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Intelligent Transportation Systems (ITS)

Metro has been a leader in using ITS. A wireless communications network on our RapidRide corridors enables buses to request priority treatment at traffic signals, lets passengers pay their fares before boarding, and delivers “next bus“ information to electronic signs at stations.

With the ongoing extension of Link, Metro is continuing to restructure our route network around the rail system as well as multi-modal connections and new travel options. As this service network evolves, service integration will become ever more critical. We would need better tools to analyze ridership, productivity, on-time performance, traffic congestion, roadway volumes, corridor performance, and other aspects of operations in a more regional and collaborative manner. The region’s transit agencies could become better aligned by sharing more data and analysis.

We’ll build on this architecture to deliver such improvements systemwide, connecting the management of transit and other transportation modes to make our service faster, more reliable, and easier to use. Many of Metro’s concepts for using ITS are mentioned throughout this plan, including:

Metro won’t be able to fully understand our own riders’ needs and travel patterns without knowing where and how they transfer to other services and modes. We would need agreements with the ORCA partners to obtain regional data and conduct integrated service planning.

Emerging technologies that interconnect travelers, vehicles, management centers and the roadway—called Intelligent Transportation Systems (ITS)—will transform the way we travel.

• Intelligent buses that report the availability of seats, bike racks, and space for mobility devices; engine diagnostics; have weather and pollution information; and also communicate with the road network and other vehicles. • Integration of public and private travel options such as bus, rail, carshare, bikeshare, and TNCs like Uber and Lyft into a single trip-planning and payment system. • Integration of transportation management centers operated by Metro, WSDOT, the City of Seattle, and others. • Improve and share raw transit data among our regional partners to better understand our customers’ needs. We would build on recent initiatives such as the Metro/Sound Transit Integration effort and the Five Agency downtown Seattle effort to share data.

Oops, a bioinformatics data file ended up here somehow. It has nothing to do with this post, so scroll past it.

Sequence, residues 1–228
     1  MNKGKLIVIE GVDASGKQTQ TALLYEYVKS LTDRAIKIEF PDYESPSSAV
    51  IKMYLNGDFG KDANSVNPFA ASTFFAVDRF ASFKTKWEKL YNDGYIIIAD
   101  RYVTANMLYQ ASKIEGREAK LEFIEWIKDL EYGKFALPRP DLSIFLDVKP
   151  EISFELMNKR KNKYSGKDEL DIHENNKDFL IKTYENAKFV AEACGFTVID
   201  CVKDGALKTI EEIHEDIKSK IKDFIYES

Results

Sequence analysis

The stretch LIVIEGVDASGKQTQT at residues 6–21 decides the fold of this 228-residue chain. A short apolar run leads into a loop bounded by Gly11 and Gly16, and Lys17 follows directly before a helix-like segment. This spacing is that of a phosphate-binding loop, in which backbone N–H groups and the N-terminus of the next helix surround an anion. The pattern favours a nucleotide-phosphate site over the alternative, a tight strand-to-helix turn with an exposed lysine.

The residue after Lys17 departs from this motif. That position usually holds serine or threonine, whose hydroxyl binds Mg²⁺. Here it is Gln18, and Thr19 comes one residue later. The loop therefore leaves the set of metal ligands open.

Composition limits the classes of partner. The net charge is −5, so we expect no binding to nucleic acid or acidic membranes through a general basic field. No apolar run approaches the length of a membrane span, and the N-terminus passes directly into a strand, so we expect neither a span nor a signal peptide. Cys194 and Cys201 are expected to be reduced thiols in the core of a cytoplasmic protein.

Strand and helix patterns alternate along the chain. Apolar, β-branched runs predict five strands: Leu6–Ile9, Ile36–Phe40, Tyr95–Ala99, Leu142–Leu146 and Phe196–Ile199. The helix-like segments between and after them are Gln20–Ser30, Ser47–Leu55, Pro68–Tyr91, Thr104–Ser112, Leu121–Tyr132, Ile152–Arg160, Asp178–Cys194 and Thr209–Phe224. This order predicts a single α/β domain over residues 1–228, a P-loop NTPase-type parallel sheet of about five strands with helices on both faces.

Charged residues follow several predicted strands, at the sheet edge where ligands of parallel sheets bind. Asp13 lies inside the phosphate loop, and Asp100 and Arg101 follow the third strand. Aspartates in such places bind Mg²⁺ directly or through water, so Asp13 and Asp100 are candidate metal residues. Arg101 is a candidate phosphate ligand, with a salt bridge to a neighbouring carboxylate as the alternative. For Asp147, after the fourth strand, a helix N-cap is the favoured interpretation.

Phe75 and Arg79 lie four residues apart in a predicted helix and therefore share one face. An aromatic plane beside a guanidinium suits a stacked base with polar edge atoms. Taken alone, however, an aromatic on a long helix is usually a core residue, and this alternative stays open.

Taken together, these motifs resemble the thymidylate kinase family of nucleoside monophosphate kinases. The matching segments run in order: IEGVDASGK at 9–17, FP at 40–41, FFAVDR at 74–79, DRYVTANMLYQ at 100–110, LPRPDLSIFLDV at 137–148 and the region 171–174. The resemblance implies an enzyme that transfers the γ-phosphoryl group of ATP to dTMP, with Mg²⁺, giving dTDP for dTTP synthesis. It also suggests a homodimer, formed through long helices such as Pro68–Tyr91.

What would it take? • Investment in operations and system preservation such as: • Building base capacity for up to 650 new vehicles, along with a new vanpool distribution base, Access fleet base, and other support facilities. • Expanding safety and security infrastructure to keep customers and employees safe. • Continuing to lead in the testing, development, and procurement of information technology assets that are vitally important to providing excellent customer service over the long term.

• Other future technologies such as automated buses and active safety systems.

OPERATIONS AND PRESERVATION

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METRO CONNECTS Long-Range Plan  

King County Metro Transit’s vision for bringing you more service, more choices, and one easy-to-use system over the next 25 years.

METRO CONNECTS Long-Range Plan  

King County Metro Transit’s vision for bringing you more service, more choices, and one easy-to-use system over the next 25 years.